Lauren's Top Tips

The Ultimate Guide to Bias Binding
Part 1 - Making your own

Blog / 23 May 2018

We all know how fun it is to sew up your own handmade garments, but getting a lovely professional finish can be tricky to achieve when you first start out. One common method you can come across to finish necklines and armholes is to use bias strips or bias binding - but what actually is it? why is it important? and how do you actually use it and get a neat finish? 

In my latest Youtube video I've been explaining the details and showing you how to make your own. 

Why is bias binding important?

As well as giving you a neat finish on the neckline, armholes and hems of your garments, it serves an important function too.  These curved areas of your garments can have a tendency to stretch out as you wash and wear them, but the binding helps to stabilise these areas and provide more shaping and structure to the garment. 

What is bias binding?

Bias binding is a strip of fabric that is cut on the bias. This means that it is cut at a 45 degree angle to the selvedge of the fabric (and therefore at a 45 degree angle to the direction of the threads that have woven the fabric in the first place).

Cutting the fabric in this way means that it has give and pliability so it can easily mould around the curves of your garments.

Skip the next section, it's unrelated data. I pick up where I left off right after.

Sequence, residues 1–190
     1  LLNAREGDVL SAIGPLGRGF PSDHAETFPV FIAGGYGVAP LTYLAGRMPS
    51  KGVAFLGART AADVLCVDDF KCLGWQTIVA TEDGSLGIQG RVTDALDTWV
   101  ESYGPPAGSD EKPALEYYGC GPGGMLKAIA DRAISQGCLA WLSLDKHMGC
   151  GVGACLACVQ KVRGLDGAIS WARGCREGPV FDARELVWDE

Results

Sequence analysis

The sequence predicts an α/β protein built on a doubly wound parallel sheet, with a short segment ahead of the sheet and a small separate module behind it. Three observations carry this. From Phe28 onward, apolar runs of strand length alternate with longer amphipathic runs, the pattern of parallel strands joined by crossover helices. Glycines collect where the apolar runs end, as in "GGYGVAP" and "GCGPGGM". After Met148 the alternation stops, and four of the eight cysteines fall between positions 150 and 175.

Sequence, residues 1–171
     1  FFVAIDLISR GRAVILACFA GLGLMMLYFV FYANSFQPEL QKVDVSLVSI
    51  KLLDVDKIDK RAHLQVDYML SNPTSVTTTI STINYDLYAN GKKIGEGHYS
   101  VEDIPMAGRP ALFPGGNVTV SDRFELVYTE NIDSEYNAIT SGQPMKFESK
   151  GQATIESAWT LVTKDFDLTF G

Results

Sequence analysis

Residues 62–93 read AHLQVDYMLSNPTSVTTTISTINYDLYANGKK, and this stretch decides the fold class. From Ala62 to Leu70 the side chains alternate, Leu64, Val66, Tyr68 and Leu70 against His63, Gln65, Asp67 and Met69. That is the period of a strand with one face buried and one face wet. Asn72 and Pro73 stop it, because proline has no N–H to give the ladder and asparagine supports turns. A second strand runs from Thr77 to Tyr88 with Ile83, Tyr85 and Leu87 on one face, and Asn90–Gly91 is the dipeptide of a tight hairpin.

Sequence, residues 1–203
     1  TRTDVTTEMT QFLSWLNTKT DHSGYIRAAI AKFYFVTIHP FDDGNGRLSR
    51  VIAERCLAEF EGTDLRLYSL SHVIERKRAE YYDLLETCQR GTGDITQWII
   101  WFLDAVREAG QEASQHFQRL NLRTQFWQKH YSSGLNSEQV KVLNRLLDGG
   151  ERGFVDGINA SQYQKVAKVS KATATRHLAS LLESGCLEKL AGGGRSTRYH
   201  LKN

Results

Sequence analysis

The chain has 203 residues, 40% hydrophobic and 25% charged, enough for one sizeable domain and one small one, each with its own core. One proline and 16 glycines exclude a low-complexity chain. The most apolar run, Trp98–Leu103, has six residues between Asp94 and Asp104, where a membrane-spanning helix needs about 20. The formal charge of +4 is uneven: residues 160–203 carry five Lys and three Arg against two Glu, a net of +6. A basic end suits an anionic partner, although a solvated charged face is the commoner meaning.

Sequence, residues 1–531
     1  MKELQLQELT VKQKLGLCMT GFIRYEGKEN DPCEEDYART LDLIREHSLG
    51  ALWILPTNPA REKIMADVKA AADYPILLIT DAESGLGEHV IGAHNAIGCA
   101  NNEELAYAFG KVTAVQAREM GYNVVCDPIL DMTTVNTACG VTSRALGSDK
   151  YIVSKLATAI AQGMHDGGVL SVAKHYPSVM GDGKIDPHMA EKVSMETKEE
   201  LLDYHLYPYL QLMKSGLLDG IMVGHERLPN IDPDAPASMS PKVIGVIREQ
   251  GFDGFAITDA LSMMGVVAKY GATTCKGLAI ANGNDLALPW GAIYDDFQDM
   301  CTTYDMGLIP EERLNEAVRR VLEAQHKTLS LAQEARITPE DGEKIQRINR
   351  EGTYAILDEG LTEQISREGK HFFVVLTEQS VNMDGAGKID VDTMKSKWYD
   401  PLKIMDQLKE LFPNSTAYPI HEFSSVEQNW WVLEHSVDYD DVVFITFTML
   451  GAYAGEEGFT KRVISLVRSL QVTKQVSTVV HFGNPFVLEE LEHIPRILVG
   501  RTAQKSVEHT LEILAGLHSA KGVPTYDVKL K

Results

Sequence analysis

You can buy it ready made or make your own and it comes in various widths depending on the look and finish you want to have.

Ready made bias binding

Typically ready-made bias binding is made from poly-cotton and has a sort of startchy coating on it to make it a little stiff. This will soften once its on your garment and has been washed (but you don’t need to pre-wash it). It can come single folded or double folded. These are basically the same thing, the double folded has already been folded in half an extra time.

In the shop we sell poly cotton binding in two common widths of single fold bias binding – 18mm and 25mm (pictured below left). This measurement refers to the distance between the folds, not the full width when it is opened out.

We also now stock a range of Atelier Brunette double fold bias binding made from their gorgeous viscose and double gauze fabric (pictured below right). 

How to make your own bias binding

Making your own bias binding is a really nice touch, especially if you are using a really lightweight fabric like cotton lawn, viscose or cotton double gauze. 

There are two main different ways to cut the strips that you will then fold to make the binding - the single length method and the continuous loop method. Here is an extract from my book, Learn to Sew with Lauren, explaining both processes.

  • The single length method is useful if you only need a little section, or if you have some scraps of fabric left over, rather then cutting into a larger section of fabric.
  • The continuous loop method is useful if you have a lot of extra fabric left over and you want a little store of binding for future projects.

Once you have the strips cut out you can then use a bias binding maker to turn it into single fold bias binding. We sell these bias binding makers in a variety of widths - I mostly use the 18mm for dressmaking. 

Want to know what to do with the binding next? Check out part two of this post for different ways to apply it to your garments for different looks and effects! 

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